Maradona, 25, is 5 feet 5 and 152 pounds. He has a shock of jet-black hair, thick eyebrows and massive, powerful thighs. He is a compact, handsome man. He wears an earring in his left ear, sometimes gold, sometimes diamond, and that is perhaps the most visible sign of his reported multimillion-dollar-a-year income.
But what draws the most attention is his soccer ability. Maradona, a midfielder, can score from improbable angles and create opportunities for teammates from unlikely situations. He is deceptively strong, making it difficult for defenders to take the ball away, and his tremendous acceleration makes him always dangerous whenever he crosses midfield.
"I think France's Michel Platini may be a better overall team player," said Paraguay's Julio Cesar Romero, a good friend of Maradona, "but Maradona has better technique and greater individual skills and, at his best, he also is a wonderful team player."
Maradona often is too good for his teammates. Time and time again at this World Cup, he has sent eye-catching passes into the goal area, but his teammates have failed to convert them. He also seems frustrated at times when his teammates are unable to get him the ball in good position.
Ever since he was a small boy, Maradona has been a step ahead of his larger competitors.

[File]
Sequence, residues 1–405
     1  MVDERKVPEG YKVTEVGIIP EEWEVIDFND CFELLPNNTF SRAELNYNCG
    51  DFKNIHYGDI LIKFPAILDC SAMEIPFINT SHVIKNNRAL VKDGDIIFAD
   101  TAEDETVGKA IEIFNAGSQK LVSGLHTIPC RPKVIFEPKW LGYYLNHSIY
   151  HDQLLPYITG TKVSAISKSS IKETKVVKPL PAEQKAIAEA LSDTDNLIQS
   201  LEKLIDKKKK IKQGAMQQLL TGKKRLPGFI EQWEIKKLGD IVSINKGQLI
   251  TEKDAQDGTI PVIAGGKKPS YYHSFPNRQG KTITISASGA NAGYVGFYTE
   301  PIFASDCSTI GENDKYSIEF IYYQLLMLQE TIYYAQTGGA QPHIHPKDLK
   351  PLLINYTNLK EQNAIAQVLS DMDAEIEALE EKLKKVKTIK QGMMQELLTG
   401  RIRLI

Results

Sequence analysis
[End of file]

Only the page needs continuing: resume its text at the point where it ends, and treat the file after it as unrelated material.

At 13, he was spotted by one of Argentina's top club teams, Argentinos Juniors. He made his league debut with the team 10 days shy of his 16th birthday, in 1976. Four months later, he made his international debut as a reserve against Hungary.
In 1978, Maradona was stunned when Coach Cesar Luis Menotti cut him from Argentina's World Cup squad. Argentina won the Cup title at home. Maradona overcame the initial outrage and later said, "The manager was right. I was too young 17 and inexperienced to cope with the pressures of the World Cup."
He led Argentina's national junior team to the world title in 1979, then, after Boca Juniors obtained him from Argentinos Juniors, he led Boca to the national club title.
It seemed clear that Maradona would climb onto the world stage in 1982 at age 21 and lead Argentina to a second straight Cup triumph.
But in that '82 Cup, Maradona went from magical to miserable. He was marked tightly and victimized by rough play. He was visibly irritated and tried to retaliate often. In Argentina's final match of the tournament -- a 3-1 loss to Brazil -- Maradona left ingloriously, ejected after kicking a defender in the stomach.